Sporophore and spore powder of puffball were obtained from pine forest of Shuinan town, Jishui county, Jiangxi province, China, with assistance of local traditional healers. After strain identification, it belongs to Agaricales order, Lycoperdaceae family, Bovistella genus, Bovistella radicata species, and authenticated by Professor Qingmei Zeng, College of Food Science and Engineering, Hefei University of Technology, China. Puffball(Bovistella radicata) specimen was dried and deposited at the herbarium of Department of Biology, Hefei University of Technology, China.

Test microorganisms

Test microorganisms were obtained from the Microbiology Laboratory at Department of Biology, Hefei University of Technology, Anhui. Eight strains of test microorganisms included four bacteria Staphylococcus aureus (ATCC 6538), Bacillus subtilis (ATCC 6051), Pseudomonas aeruginosa (ATCC 9027), Escherichia coli (ATCC 8739) and four fungi Trichophyton rubrum (ATCC 28188), Trichophyton mentagrophytes (ATCC 9533), Epidermophyton floccosum (ATCC 52066) and Candida albicans (ATCC 10231).

Preparation of different extracts and fermentation from puffball

After crushed and ground, the dried sporophore of puffball was mixed with spore powder. According to established protocols (Tian et al. 2011; Zhang et al. 2012; Sen et al. 2014), each 10 mg mixed puffball powder were extracted by 200 ml ethanol/aqueous/chloroform/n-butanol/Aether/Ethyl acetate for continuously 10 h. After filtration over Whatman No. 4 paper, the extracts were concentrated under a reduced pressure at 40 °C and stored at 4 °C in sterile bottles for further use.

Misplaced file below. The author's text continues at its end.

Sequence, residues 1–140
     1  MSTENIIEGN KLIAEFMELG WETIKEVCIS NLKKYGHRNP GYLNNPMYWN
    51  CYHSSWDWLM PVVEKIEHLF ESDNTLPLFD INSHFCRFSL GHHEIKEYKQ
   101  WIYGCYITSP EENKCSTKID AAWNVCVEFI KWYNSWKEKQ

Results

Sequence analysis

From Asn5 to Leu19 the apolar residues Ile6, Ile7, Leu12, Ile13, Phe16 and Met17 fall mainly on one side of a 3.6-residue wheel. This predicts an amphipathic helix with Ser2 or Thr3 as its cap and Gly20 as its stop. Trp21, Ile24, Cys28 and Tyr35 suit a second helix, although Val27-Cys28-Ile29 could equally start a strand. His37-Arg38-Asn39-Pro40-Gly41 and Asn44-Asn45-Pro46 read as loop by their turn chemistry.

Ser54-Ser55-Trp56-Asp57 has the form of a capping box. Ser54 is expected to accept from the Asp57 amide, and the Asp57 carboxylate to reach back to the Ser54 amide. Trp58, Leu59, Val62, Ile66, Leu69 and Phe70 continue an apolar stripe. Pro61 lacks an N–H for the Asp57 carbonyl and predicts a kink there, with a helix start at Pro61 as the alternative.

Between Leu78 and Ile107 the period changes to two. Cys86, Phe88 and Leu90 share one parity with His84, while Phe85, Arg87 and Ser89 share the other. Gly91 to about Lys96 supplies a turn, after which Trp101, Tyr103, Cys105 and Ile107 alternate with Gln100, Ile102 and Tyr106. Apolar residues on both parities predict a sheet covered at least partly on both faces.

The concentrate supernatant of puffball fermentation

The mixed powder of puffball was cultured in PDB (potato dextrose broth) at 25 °C for 2 days, the fermentation was centrifuged at 7000 rpm for 20 min to get the supernatant, the supernatant was filtered over Whatman No. 4 paper, then the filtrates were evaporated on rotary evaporator at low pressure to obtain 0.5 mg/ml concentrate supernatant, the 0.5 mg/ml concentration was prepared as stock solution for further use. From stock solution, multiple proportions dilutions were prepared in water of 500, 250, 125, 62.5, 31.2, 15.6 and 7.8 μg/ml concentrations.

Assessment of antimicrobial activity

The antimicrobial activity of puffball(Bovistella radicata) extracts was evaluated using two kinds of disk diffusion methods which were zones of inhibition (ZOI) (Geetha et al. 2015) and minimum inhibitory concentrations (MICs) (Negi et al. 2003), ZOI is qualitative analysis and MIC is quantitative analysis of antimicrobial activity (Dharajiya et al. 2015).